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Early Numeracy a Guide for Parents

Early Numeracy

A guide for Parents

It’s not just about numbers

The idea of mathematics for pre-school children can seem a bit daunting. However, at this age a lot of maths is about understanding ideas such as size, shape and pattern, things that most adults would not think of at all. If your child gains an early understanding of these concepts, then this can give him or her, a flying start with number work.


Give your child opportunities to notice and recognise the different shapes around them. Use proper names when talking to children about 2D and 3D shapes and encourage them to find things in the house with the same shape.  Describe the shapes, count the number of sides and corners, talk about flat and curved edges. Look at road signs and discuss the different shapes you see.


Children enjoy counting real objects. Counting stairs as you climb them, count buttons on clothes, count the number of apples into a shopping bag, count “pennies” in a money box and save up to buy something.

Make up little games and ask your child to fetch three books, 4 spoons or do 5 claps, 2 jumps etc.

Draw children’s attention to numbers in everyday life. Look for numbers on cars, buses, clocks, houses and telephones. Play number 'I spy' in the supermarket.  Show your child how to write numbers in a tray of sand or salt.

Play dominoes and dice games.

 Counting Rhymes

Recite nursery rhymes such as '12345 once I caught a fish alive' and read counting books such as, The very hungry caterpillar by Eric Carle.


Helping lay the table encourages children to notice pattern, ie. 1 fork, 1 knife, 1 spoon, 1 plate in each space.  Create repearing patterns with lego bricks- 2 red, 1 white, 2 red, 1 white.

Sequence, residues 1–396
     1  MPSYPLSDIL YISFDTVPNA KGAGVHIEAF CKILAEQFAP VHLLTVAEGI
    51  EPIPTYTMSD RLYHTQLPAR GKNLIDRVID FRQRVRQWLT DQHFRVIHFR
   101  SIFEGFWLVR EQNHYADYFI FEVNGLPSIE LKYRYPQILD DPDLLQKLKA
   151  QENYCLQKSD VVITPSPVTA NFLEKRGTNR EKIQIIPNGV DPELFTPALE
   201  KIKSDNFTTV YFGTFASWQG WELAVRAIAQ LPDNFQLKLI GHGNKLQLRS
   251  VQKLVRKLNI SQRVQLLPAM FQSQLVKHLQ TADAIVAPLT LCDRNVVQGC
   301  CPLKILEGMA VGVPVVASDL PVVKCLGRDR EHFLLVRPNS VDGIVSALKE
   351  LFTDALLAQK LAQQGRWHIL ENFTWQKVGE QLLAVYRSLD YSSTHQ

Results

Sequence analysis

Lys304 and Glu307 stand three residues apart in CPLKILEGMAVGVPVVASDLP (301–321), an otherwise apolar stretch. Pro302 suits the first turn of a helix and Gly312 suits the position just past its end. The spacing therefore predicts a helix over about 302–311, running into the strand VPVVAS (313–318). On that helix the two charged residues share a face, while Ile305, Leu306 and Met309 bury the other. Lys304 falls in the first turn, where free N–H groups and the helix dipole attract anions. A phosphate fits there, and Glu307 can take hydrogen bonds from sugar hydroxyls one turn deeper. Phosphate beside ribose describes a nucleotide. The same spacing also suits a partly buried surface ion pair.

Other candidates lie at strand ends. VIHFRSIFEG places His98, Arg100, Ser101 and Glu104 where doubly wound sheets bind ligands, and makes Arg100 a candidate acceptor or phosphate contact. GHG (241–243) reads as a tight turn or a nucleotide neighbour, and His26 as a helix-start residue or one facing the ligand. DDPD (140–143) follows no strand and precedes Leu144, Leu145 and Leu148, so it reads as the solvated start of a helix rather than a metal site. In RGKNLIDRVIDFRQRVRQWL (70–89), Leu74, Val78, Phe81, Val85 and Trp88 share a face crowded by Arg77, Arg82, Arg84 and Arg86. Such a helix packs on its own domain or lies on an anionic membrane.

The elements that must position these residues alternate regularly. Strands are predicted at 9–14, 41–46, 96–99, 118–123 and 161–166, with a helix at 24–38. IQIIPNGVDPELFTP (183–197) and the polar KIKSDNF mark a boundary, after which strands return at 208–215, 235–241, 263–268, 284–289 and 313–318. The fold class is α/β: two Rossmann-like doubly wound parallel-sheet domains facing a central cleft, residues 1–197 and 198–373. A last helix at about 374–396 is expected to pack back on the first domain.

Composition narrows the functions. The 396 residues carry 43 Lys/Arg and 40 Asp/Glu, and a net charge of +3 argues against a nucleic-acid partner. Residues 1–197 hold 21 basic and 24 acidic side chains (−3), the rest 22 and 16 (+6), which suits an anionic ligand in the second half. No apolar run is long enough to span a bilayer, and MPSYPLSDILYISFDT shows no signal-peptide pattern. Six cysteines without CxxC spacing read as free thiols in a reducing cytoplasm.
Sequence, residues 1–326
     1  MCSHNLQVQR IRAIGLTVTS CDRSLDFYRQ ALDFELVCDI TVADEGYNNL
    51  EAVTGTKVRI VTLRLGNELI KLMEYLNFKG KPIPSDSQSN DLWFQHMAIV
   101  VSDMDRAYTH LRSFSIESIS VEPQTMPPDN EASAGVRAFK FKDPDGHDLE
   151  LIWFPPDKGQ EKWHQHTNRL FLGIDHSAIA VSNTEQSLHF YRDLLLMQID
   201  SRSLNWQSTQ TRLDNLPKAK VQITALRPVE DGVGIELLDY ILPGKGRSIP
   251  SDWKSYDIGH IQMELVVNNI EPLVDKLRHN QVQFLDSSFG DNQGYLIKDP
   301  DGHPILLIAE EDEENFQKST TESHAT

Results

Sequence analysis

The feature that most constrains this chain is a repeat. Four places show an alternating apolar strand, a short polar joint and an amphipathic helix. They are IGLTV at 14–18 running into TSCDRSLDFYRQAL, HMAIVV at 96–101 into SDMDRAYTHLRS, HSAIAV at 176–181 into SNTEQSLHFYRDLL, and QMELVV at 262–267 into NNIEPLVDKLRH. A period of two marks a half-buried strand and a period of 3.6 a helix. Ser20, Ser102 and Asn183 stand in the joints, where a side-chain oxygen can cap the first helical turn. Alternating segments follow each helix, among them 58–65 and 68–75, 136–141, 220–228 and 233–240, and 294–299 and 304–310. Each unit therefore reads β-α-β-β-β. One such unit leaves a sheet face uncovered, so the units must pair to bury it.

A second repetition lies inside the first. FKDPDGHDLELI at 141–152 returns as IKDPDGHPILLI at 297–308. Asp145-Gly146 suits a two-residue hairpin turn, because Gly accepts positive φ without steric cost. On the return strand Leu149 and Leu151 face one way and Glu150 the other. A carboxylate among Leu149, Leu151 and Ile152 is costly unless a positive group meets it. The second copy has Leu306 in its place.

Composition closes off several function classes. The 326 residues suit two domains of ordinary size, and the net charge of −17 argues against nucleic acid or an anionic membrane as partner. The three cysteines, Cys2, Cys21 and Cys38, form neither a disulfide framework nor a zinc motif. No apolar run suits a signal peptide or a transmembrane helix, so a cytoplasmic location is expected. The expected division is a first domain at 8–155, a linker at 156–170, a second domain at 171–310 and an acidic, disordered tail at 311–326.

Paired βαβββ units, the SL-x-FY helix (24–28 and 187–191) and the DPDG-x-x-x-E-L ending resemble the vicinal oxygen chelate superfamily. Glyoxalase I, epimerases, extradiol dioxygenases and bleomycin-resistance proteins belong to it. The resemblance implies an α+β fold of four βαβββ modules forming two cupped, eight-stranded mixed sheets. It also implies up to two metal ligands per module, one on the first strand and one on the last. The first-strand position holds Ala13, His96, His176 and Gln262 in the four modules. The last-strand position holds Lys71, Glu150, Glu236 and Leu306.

Playing matching games with pairs of socks, shoes, gloves and picture cards can be fun. The ability to match lids to pans and tops of bottles is useful too.  Play snap.


Talking with your child while doing an activity will help him/her develop vocabulary of words which describe positions eg. Front, back, up, down, over, under.


Sort objects into categories, eg beads buttons or toys. Look out for certain colours, e.g. How many red cars do we see on our walk? Sort according to size, shape and function. 

A collection of seasonal items is useful for developing sorting skills e.g. Leaves in Autumn, shells in Summer, cards at Christmas. Encourage children to notice similarities and differences between things.


Talk to your child about events in the day, morning, afternoon and night.  Mark dates on a calendar and count down the dates until that day.  Use language such as today, tomorrow and yesterday.  Use sand timers or digital timer to measure how long.

Measuring and weighing

Children like to help with cooking, let them measure ingredients with a cup or spoon and watch you using the scales to weigh and balance. If possible set the time on your cooker to beep when food is ready, this will help make your child aware that it sometimes takes a length of time to cook food. Use words such as big, little, long, short, heavy, light, to describe items when you are shopping for food and clothes.


Gather information and make a chart.  How many red cars in the street, how many blue cars?  What is your favourite food?  Do you like hot chocolate? Yes or no?  Use tally marks, stickers or objects to record your information.  What does the chart tell us?

More information can be found at the link below.

Parentzone CfE